A. Whittenberg

The Process

The horses whined, the mules brayed, and people got sold.  Me included. That’s what I was there for: a price.

I could hear myself breathing as the air stilled around me. Fear set in.

The sun’s heat wasn’t that strong, but I was swimming in sweat.

For a second, I almost prayed. Just like all the other times I’d been up for sale, I’d hoped that I wouldn’t be herded out. I wished that somehow they’d let me be for once. Leave me alone. Let me stand on that block for to find my own eternity. But, this was about money and tradition and the law. I knew this part so well. The selling process was the thing that was followed by the mystery. I’d be forced into a question, a new place, like a drop of rain falling from the sky; I had no say in where I’d fall. 

“He looks well fed enough, but is he obedient?” one bidder asked.

“He is. You can bet good money on it,” the slave seller promised, his voice bleeding with a different kind of fear.

I was the last one left, everyone else had a bill of sale.

I wasn’t in a collar or manacled to the post: I had the kind of chains that don’t give, ever. The kind that weren’t visible. I stood there all the same. It was all the same as all them finely dressed folk eyed me like a prize mare, testing me, feeling the muscles in my arms.

In a parade, person after person spied me, appraised me, and judged me. Some seemed grasping as if looking without knowing what they were looking for. They looked up my nostrils and into the whites of my eyes.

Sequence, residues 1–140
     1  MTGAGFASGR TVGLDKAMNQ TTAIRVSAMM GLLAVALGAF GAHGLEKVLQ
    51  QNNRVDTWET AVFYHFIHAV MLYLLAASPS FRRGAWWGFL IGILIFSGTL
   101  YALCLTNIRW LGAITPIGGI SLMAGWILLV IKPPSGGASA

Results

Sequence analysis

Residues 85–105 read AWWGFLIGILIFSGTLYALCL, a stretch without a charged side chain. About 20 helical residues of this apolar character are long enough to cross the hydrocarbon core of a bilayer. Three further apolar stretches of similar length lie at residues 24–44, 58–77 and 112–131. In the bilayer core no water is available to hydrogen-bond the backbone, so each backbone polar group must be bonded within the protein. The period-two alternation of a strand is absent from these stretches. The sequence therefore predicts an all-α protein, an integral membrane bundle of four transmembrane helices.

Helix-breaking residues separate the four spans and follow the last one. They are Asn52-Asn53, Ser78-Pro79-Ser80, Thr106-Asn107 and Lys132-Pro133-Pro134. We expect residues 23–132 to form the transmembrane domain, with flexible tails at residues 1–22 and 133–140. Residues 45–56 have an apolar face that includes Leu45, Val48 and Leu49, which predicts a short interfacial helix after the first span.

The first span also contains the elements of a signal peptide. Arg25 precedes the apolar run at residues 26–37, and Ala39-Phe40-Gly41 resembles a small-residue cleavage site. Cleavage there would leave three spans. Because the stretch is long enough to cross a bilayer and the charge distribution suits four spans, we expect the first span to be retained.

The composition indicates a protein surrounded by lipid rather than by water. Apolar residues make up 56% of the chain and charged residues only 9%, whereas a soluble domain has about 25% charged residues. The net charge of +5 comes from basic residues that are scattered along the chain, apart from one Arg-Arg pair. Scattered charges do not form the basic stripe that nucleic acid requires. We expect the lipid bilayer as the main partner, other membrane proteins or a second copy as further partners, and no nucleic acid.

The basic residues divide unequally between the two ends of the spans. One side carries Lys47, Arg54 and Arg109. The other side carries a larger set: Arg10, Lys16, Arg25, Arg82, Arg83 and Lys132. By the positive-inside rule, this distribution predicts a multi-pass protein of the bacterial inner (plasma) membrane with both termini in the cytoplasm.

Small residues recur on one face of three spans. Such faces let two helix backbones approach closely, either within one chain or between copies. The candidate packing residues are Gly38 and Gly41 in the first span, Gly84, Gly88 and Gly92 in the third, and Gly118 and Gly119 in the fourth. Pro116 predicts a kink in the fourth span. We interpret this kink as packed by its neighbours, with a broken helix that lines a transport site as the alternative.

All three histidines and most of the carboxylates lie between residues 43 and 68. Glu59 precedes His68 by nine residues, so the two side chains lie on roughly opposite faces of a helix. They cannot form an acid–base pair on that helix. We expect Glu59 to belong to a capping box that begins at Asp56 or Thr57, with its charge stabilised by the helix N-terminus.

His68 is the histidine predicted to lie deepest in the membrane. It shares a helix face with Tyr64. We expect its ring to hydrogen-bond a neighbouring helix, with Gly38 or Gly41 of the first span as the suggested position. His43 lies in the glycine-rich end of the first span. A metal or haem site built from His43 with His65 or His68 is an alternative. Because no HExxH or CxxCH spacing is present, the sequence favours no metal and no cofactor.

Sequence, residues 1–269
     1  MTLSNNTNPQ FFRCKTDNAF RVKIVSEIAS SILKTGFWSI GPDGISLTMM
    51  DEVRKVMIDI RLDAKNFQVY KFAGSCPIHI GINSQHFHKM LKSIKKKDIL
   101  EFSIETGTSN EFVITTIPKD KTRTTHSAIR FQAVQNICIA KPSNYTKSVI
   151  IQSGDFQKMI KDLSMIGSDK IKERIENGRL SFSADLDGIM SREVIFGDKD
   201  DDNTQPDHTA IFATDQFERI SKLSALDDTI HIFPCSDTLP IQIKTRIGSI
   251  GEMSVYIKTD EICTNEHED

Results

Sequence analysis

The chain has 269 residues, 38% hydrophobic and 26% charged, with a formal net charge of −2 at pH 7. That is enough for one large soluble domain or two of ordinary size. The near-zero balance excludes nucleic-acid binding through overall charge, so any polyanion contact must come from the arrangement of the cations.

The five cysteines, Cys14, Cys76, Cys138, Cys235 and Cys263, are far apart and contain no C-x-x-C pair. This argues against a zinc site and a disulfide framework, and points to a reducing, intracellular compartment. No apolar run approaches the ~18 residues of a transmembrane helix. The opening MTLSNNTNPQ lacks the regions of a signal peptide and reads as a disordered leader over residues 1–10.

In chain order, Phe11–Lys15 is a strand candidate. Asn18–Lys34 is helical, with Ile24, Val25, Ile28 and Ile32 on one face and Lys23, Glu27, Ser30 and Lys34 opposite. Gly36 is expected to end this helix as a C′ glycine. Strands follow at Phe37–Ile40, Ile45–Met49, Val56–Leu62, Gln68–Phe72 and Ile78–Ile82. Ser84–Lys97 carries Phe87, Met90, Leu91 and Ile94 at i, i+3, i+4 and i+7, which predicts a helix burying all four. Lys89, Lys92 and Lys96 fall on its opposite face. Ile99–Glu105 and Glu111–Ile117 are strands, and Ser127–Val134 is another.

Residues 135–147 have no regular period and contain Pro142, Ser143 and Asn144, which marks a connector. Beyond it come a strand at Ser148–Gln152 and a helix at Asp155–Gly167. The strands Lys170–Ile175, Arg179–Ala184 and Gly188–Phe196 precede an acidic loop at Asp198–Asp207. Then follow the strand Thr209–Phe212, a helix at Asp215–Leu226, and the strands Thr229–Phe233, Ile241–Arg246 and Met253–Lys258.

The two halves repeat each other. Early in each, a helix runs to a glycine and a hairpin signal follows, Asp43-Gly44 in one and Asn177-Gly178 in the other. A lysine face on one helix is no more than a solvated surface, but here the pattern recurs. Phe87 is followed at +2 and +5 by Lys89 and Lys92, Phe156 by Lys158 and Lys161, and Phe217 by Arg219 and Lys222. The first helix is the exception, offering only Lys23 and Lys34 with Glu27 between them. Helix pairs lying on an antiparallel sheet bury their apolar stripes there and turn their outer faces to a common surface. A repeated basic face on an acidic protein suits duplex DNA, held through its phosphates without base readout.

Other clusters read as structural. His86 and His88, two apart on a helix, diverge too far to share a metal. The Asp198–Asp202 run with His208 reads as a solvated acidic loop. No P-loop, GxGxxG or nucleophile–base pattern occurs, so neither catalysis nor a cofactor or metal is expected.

I refused to blink.

As potential buyers noted the condition of my teeth, I caught sight of their appearance?  All their given warts and pockmarks.  

“This one here ain’t no lazybones,” the slave seller boasted of me trying to win back their attention even as they strolled away in clusters.

They didn’t believe him.

My whip marks to them proved otherwise. Everyone knew lazybones get the whip. And my scars were deep, deep as marks in Jesus’ palm. People thought the worst. In their mind, they sketched scenarios of wild rebellion.

“We treat slaves like they’re family,” a woman with the parasol said, “We usually don’t have to get physical.”

“Then this one would be a good fit. Seeing that he’s already broken in,” the slave seller said, changing his sales pitch.

The slave seller’s well-placed words were a little too late. Before long, the next round of onlookers approached and he snapped back into form.

“Step right up. Get in as close as you like,” the seller said.

The woman, who was surrounded by other ladies and gentleman in well-designed garments, just nodded and walked away. I was familiar with her type — I watched and considered. People like her might have kindness in their voice at first, but they were no better than the rest. They were still looking for constant labor and if ever you didn’t deliver they know how to make hell.

The seller continued to speak highly of me.

But that group moved on.

Another fill of people came by, and I began to consider which one would pay for me?  Which would take me as property to their property and would that place be like big with lots of silverware and candlesticks and rows and rows of cotton to pick or would it be a far less grand spot, with only a narrow lot to till over.